In the late nineteenth century and into the twentieth century, “boy books” became a popular genre of juvenile fiction. On display are sports-themed boys books, a subgenre of boy books. Heavily influenced by the “muscular Christianity” movement, boy books aimed to mold American boys into productive citizens.
The apotheosis of the model American boy is Frank Merriwell, the hero of Gilbert Patten’s most popular series of boy books. Able to take a punch that would incapacitate a normal human being and possessing remarkable intelligence, admirable courage, and athletic prowess, Frank Merriwell embodied truth, honesty, charity, humility, duty, sacrifice, and mercy toward his enemies. His enemies were never enemies for long. After Frank beat them in a fair fight that he did not start, his enemies would “come around” and end up as his friends. Frank Merriwell has been cited as an influence by notable people such as Woodrow Wilson, Jack Dempsey, Babe Ruth, and Christy Mathewson.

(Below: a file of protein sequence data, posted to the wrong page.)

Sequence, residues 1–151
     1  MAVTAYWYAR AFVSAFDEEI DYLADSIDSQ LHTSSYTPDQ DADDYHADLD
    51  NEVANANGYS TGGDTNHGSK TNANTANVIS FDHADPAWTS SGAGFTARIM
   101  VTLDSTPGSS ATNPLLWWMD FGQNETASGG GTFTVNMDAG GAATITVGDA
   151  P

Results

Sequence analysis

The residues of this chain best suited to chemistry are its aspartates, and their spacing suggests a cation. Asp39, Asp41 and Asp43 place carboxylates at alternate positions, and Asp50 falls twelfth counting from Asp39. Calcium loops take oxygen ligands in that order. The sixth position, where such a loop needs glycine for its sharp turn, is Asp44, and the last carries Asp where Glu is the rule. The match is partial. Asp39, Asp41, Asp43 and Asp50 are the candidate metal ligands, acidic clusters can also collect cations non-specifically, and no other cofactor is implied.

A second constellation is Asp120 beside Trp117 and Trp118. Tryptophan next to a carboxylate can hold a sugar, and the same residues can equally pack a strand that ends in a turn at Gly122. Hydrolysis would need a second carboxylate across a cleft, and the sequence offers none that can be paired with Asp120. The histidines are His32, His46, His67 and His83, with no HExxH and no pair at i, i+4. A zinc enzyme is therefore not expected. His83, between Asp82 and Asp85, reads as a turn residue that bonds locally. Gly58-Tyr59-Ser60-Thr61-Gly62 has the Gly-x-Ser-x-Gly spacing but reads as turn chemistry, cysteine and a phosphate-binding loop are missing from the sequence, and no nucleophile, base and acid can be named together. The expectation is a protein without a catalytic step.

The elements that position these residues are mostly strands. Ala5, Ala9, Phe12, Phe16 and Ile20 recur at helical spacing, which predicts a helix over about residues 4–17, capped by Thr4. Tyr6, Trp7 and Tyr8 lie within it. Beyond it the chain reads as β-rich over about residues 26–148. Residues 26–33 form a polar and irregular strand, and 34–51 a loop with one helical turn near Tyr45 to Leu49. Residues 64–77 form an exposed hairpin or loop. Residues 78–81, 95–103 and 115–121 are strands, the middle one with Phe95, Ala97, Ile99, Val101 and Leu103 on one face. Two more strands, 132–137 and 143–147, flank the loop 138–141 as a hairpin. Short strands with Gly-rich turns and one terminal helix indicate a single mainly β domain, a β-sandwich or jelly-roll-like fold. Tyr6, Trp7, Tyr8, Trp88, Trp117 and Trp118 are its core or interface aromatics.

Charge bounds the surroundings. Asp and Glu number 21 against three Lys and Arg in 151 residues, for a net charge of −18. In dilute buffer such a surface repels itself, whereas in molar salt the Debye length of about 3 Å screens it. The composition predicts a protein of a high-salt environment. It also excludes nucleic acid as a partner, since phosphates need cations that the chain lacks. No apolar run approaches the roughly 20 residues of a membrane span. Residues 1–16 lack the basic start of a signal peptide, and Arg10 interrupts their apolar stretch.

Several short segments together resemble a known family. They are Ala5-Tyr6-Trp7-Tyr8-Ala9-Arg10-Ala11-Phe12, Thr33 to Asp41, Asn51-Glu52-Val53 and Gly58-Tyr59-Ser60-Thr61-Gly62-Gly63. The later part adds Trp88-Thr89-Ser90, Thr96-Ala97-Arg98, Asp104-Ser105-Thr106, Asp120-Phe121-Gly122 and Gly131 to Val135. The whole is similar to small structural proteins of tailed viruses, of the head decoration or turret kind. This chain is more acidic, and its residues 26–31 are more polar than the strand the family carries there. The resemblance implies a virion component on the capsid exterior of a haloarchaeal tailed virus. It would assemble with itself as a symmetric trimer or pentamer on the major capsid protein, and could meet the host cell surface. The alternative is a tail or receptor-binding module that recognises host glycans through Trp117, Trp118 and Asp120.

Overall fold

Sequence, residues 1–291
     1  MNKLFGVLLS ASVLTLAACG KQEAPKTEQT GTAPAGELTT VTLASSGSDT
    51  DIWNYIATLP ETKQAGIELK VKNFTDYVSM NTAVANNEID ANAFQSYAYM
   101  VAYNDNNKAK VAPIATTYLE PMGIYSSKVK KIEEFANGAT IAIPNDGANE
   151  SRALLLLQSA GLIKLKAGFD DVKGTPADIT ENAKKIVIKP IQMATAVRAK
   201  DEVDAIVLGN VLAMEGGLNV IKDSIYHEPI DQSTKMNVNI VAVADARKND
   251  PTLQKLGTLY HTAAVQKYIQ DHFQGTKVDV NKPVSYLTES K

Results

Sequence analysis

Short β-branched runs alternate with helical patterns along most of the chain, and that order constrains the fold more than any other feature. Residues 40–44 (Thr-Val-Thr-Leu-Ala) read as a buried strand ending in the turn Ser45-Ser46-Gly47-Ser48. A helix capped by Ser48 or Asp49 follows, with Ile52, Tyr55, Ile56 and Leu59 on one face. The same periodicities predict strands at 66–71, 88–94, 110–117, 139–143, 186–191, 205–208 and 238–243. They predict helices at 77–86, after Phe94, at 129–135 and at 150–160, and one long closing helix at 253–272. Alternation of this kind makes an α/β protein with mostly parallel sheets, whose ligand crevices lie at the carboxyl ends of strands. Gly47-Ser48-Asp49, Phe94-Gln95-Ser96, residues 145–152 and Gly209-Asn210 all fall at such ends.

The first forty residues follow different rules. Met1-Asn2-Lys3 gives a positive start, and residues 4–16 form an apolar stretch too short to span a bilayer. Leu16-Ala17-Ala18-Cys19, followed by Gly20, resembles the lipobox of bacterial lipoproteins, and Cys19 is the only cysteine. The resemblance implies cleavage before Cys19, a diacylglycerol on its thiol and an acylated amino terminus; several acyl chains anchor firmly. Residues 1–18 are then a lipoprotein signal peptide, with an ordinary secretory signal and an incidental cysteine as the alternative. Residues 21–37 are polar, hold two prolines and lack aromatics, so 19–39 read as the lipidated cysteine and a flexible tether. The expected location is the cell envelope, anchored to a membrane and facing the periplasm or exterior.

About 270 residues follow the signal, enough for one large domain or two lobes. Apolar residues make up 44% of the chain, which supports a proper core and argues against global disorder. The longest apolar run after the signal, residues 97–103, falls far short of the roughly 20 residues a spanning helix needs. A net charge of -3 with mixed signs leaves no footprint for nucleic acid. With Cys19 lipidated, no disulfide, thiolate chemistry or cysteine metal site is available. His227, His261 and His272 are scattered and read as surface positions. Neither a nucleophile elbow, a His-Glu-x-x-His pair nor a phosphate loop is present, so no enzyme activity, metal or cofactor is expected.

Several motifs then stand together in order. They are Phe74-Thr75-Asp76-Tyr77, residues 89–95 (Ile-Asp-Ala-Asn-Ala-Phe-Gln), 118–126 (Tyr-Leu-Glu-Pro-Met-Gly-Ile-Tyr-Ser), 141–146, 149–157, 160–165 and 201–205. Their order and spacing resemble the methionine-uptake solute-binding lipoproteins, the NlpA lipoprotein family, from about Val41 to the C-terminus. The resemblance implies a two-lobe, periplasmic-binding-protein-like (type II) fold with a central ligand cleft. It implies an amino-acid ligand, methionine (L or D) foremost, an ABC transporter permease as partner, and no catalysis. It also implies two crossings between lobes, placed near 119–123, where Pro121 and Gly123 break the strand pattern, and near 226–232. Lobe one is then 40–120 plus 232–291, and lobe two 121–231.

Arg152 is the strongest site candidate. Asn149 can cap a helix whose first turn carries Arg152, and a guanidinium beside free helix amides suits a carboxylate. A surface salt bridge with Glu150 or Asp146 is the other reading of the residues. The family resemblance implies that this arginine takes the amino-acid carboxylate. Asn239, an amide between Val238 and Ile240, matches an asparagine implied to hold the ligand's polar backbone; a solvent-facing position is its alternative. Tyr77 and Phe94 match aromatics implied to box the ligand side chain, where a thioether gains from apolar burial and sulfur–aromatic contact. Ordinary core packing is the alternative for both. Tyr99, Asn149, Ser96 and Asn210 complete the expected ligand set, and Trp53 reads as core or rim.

The other boy book series on display were also very popular for generations of American children and certainly influenced expectations of American masculinity in the twentieth century, an important reason that these books are now objects of scholarly study.